Hyderabad: City Museum inaugurated

HYDERABAD: The historic city of Hyderabad Sunday added another landmark with the formal inauguration of City Museum, said to be the first of its kind in the country. The Nizam\'s Jubilee

Published: 11th March 2012 11:59 PM  |   Last Updated: 16th May 2012 06:33 PM   |  A+A-

HYDERABAD: The historic city of Hyderabad Sunday added another landmark with the formal inauguration of City Museum, said to be the first of its kind in the country.

The Nizam's Jubilee Pavilion Trust chairman, Prince Muffakham Jah launched the museum, which has come up adjacent to Nizam Museum at Purani Haveli in the old city.

The museum depicts the history of the city, its culture and heritage from the times before its inception to the times of the Qutub Shahis and then Asaf Jahis, popularly known as Nizams to the present times.

The inaugural function, however, was held at Jubliee Hall, which was specially constructed by last ruling Nizam Mir Osman Ali Khan for the silver jubilee celebrations in 1936 -37.

The trust came up with the idea of City Museum in view of the long felt need of the tourists to acquaint themselves with the rich history and cultural heritage of Hyderabad, and to project the history of the city.

Muffakham Jah, the grandson of the last ruler of Hyderabad state, said the history of Hyderabad was always over shadowed as most historians tended to focus on Moghul rule.

The museum has brought nearly 4,000 years of history of the city, through archaeological evidence such as the neolithic pots, megalithic sites, European styled terracotta figurines, coins of Satvahana period among others.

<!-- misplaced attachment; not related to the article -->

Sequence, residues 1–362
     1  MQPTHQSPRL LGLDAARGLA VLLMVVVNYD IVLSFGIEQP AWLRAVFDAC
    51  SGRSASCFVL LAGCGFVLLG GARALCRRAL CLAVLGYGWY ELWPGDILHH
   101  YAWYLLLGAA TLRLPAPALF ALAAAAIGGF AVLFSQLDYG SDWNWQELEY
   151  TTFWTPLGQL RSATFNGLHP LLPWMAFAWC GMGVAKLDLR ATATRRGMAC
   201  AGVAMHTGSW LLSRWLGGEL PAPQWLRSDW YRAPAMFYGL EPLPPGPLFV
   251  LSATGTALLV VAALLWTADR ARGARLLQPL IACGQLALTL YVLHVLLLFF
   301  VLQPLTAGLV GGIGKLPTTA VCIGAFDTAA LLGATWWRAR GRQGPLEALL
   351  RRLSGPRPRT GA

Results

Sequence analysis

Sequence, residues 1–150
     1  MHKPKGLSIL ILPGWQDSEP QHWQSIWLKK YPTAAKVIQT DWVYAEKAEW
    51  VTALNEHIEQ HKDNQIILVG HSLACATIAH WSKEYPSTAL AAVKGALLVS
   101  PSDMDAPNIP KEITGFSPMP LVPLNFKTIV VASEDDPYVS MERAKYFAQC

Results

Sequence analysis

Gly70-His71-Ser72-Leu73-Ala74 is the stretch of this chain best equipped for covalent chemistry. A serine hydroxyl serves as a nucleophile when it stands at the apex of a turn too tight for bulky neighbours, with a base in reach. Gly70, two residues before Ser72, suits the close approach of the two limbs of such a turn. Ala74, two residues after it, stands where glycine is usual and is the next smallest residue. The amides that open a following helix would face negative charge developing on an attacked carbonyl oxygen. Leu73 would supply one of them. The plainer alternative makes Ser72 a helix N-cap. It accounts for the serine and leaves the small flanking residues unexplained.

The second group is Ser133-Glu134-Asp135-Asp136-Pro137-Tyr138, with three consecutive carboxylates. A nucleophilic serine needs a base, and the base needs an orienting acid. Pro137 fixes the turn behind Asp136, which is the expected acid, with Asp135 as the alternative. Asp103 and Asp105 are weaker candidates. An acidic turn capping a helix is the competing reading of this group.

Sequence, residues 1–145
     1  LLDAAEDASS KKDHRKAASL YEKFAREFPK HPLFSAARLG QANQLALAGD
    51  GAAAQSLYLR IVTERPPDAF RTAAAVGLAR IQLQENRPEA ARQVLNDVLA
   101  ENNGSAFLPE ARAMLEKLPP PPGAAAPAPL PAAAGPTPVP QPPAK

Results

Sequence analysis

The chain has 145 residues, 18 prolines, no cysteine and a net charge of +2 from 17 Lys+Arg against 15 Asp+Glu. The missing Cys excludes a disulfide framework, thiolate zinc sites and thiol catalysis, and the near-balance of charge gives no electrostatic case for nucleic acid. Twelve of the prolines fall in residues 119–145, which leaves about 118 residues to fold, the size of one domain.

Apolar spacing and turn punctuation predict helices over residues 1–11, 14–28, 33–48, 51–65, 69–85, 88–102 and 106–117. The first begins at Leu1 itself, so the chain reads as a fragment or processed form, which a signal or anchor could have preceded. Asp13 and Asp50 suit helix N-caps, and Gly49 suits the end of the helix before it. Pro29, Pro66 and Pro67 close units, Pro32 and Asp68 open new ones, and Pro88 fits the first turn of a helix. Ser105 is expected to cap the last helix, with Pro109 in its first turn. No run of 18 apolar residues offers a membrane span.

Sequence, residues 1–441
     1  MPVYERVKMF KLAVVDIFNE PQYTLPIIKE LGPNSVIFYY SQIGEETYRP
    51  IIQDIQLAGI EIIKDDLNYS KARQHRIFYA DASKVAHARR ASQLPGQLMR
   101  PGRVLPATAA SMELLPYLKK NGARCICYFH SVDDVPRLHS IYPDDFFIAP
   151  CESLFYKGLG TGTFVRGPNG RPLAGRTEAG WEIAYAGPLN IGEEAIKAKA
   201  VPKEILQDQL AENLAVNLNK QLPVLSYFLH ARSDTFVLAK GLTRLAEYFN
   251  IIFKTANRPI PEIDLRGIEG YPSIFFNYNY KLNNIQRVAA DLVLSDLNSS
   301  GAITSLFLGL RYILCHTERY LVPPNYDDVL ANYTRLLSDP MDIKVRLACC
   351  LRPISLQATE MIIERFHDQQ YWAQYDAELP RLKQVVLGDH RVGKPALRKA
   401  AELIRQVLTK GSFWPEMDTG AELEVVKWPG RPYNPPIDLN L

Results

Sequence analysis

This confirms the presence of continuous habitations dating back though the popular thinking is that the Hyderabad was founded in 1591. This exciting development of Hyderabad has been shown for the first time through maps, artifacts, photographs, illustrations, written material and other paraphernalia.

On display for the first time are seven specifically designed maps that trace Hyderabad's fascinating journey from the 13th century to the present times.

There is also a touch screen kiosk that will reveal to the visitors a pictorial history of 50 of the city's "mohallahs (localities)" in English, Hindi, Telugu and Urdu.

The display area sheds light on trade and commerce, weights and measures, textiles, post and communication, transport, education, calligraphy, architecture, art and craft, Hyderabadi cuisine and people.

The artifacts on display include exquisite qahwa cups, encrusted with Golconda diamonds, perfume bottles studded with pearls, ivory walking sticks, beautifully crafted swords and draggers, rare and old stamps and coins, intrinsic silver and filigree objects.

India Matters


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